Army spokesperson, Lt Col Paddy Ankunda, says the UPDF Special Forces Command video is not meant to scare Ugandans ahead of elections.
Yesterday, the force released a video that showcases their training and combat capabilities of UPDF troops as part of the activities to mark the 35th annual Armed Forces Week and Tarehe Sita celebration.
The three-and-a-half minute video comprises footage of SFC soldiers and other regular units of the UPDF in training and combat operations.
Maj. Chris Magezi, the SFC spokesperson, told New Vision the video highlights the tactical proficiency of Uganda’s modern armed forces, a force that had its origins as a guerrilla army in the early 1980s.
Appearing on NBS TV Friday morning, Ankunda said there is no reason why the public should interpret all this like intimidation and no one should be scared.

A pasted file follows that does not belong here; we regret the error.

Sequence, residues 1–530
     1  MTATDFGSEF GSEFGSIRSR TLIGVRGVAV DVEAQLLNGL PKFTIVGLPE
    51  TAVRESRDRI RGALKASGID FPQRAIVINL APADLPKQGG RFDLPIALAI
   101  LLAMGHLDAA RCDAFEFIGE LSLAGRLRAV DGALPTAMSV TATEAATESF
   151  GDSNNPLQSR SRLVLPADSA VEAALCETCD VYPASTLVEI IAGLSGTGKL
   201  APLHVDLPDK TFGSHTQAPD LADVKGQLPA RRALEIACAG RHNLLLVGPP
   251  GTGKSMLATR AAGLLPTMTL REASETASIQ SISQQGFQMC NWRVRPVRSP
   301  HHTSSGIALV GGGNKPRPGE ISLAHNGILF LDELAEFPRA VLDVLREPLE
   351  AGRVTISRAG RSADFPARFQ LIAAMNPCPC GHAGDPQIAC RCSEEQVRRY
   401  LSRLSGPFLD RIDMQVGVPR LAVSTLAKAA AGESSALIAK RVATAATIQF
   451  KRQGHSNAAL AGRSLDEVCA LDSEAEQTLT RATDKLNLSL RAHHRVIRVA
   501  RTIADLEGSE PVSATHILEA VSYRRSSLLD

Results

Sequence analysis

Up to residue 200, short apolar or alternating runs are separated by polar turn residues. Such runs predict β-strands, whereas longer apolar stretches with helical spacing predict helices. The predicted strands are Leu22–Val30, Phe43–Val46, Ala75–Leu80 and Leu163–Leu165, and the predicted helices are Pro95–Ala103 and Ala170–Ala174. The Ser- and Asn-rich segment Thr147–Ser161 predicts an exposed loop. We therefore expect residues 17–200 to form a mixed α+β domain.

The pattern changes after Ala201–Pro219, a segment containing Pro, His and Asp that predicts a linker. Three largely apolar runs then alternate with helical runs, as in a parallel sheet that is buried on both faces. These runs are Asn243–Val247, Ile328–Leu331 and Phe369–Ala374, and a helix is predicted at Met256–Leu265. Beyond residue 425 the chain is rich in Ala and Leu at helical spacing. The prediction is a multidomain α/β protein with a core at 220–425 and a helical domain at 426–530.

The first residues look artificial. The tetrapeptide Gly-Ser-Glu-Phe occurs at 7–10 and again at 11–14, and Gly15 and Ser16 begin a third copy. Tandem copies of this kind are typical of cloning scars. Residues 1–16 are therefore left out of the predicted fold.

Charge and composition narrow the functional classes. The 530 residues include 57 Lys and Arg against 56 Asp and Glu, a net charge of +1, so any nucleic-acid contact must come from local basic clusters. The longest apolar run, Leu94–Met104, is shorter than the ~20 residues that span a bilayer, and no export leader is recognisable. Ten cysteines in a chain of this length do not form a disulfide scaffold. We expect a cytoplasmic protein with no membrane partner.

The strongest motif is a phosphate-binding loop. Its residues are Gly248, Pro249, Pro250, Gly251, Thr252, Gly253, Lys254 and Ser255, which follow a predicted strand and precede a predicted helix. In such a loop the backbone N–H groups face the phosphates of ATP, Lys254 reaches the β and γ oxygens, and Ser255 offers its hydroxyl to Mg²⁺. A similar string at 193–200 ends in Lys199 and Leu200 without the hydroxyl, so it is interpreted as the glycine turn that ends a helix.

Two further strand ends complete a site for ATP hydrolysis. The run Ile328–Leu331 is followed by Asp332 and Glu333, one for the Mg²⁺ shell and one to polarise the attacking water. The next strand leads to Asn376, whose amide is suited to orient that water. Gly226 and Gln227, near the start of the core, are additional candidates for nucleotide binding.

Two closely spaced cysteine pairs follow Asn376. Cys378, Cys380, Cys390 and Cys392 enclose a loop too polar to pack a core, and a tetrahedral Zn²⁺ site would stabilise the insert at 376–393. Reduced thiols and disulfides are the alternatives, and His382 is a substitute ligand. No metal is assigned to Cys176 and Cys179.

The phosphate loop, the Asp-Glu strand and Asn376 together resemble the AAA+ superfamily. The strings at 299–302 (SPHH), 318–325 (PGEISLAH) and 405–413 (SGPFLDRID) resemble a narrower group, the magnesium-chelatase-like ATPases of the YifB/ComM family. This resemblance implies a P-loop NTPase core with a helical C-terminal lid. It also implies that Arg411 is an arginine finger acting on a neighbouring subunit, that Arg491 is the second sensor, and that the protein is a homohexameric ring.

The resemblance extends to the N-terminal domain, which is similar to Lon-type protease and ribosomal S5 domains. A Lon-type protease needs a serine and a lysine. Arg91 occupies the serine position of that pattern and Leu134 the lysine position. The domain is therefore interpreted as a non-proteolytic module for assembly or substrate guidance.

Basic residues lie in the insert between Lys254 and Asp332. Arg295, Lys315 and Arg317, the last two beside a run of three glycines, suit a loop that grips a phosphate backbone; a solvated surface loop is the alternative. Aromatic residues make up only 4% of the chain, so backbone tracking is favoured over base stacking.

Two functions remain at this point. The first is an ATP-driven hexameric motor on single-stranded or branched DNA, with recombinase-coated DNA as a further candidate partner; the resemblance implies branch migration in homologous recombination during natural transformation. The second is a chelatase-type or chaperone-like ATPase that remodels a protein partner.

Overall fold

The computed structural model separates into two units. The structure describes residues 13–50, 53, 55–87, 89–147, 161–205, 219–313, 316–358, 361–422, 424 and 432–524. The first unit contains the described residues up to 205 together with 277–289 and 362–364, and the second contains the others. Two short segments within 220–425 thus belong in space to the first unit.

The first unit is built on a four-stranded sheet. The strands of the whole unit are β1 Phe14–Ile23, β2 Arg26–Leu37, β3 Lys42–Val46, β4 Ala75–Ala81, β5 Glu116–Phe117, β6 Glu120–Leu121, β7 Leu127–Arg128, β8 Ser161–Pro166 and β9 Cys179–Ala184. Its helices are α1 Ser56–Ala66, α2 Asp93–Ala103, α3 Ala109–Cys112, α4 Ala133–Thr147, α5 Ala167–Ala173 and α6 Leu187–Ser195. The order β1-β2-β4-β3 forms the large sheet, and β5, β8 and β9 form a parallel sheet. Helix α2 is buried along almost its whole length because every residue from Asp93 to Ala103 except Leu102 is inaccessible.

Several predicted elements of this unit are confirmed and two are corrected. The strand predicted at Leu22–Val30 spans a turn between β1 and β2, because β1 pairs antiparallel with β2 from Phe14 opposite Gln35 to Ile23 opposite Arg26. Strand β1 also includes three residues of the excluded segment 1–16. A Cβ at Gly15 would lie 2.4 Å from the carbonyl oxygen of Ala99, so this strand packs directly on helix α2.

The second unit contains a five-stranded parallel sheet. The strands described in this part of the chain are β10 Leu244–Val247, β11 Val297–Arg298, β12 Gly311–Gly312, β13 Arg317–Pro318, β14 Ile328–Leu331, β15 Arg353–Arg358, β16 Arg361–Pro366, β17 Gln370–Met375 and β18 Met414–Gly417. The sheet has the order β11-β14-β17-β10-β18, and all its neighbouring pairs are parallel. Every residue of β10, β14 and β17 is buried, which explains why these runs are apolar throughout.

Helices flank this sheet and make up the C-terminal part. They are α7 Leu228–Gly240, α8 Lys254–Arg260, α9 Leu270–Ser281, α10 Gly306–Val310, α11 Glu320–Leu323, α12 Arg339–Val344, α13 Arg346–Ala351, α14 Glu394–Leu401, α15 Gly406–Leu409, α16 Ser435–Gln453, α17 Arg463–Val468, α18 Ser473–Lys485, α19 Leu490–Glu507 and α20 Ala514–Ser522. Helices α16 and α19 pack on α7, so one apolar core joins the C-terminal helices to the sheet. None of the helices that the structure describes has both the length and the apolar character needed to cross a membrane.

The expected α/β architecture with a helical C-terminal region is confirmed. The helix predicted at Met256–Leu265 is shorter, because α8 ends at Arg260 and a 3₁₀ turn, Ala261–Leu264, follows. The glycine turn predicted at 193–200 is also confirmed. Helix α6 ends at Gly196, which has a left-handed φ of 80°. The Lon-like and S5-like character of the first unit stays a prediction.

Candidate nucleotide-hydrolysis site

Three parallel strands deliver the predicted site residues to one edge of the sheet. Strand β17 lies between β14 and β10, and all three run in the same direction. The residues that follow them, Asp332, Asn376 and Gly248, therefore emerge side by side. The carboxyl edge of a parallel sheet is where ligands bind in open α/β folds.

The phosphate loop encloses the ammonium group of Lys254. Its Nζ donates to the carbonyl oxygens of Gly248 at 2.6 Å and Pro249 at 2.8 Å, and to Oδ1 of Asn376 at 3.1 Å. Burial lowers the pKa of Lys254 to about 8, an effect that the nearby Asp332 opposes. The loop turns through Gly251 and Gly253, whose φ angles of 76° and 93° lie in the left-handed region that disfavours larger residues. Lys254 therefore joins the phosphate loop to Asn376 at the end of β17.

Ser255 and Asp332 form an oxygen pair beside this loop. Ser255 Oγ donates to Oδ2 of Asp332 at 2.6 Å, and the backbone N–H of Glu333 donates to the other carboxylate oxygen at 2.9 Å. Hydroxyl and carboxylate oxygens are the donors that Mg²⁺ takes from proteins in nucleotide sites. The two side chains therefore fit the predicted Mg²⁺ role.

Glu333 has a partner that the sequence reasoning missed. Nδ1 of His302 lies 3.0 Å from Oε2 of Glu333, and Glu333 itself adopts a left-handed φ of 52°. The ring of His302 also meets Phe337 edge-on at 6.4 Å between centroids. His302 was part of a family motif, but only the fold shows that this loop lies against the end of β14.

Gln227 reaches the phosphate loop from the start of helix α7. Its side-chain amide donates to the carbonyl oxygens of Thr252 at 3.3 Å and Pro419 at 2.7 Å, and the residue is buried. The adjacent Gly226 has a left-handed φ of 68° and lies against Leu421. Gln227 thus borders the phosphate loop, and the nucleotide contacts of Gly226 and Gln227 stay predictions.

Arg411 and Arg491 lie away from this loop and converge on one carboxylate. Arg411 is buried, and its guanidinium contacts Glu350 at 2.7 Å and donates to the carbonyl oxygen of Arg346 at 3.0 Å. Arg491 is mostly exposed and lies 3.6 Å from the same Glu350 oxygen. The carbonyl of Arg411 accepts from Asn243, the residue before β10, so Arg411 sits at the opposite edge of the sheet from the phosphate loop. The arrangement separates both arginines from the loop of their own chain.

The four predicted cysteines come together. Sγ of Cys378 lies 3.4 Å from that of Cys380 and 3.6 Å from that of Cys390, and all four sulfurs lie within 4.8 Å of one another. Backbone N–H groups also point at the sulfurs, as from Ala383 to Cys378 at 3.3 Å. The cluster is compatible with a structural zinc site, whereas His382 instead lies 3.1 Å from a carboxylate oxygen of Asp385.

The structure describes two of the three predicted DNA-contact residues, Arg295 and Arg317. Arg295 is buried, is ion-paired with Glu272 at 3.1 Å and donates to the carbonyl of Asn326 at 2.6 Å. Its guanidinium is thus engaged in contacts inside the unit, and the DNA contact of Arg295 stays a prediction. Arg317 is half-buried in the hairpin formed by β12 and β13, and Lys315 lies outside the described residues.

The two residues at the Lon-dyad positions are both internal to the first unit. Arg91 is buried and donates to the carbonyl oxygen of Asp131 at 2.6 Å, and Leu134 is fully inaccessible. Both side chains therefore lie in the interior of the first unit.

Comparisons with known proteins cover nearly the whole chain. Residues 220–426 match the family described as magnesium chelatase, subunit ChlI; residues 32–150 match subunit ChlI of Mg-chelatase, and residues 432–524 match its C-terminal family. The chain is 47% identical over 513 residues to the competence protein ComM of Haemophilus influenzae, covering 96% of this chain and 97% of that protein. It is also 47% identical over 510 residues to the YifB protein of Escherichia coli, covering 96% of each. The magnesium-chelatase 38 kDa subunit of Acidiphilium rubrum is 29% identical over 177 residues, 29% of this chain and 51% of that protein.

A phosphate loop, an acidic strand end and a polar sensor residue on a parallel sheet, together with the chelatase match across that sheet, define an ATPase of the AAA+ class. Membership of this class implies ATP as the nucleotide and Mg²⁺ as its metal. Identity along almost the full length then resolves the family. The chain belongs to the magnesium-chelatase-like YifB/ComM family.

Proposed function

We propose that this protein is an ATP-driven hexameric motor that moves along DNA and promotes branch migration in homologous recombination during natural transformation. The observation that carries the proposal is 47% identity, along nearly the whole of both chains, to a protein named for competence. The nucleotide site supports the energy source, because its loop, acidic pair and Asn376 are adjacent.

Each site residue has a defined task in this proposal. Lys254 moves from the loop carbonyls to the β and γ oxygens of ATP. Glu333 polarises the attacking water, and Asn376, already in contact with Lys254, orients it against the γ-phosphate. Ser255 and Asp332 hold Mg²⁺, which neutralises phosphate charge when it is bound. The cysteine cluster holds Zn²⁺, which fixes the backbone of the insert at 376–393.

“Tarehe Sita is a celebration of our birthday and us releasing the clips of the Special Forces is not meant to scare the public but just to celebrate our might.”
“What you have been seeing in the media is called civil military relations,” Ankunda explained.
The 6th of February 1981 is the day the NRA launched a struggle to take over government in a 5-year struggle and this time round, the army suggested that this should take place in Kampala.
“Considering were we are now and were we were, then I think the NRA struggle was worth it.”
He said the country cannot achieve much if there is no peace and security and that is what the NRA struggle was aiming at.
“In our view, this was not a mere change of guards but rather a fundamental change and wen u look at the theme this year “UPDF – The people’s army, vanguard of the revolution and guarantor of peace and stability for social-economic transformation and democracy”. It’s all encompassing that we are a people’s army.”
Ankunda said the army has come a long way and has covered along journey.
“One of the very first challenges we faced when we captured power was a number of insurgences and this did not give us time to concentrate on training till 2004 when we started building colleges.”
He said they had issues with welfare and still have some few challenges with accommodation and “we now thinking of partnership since we have mad e some money now though our projects”.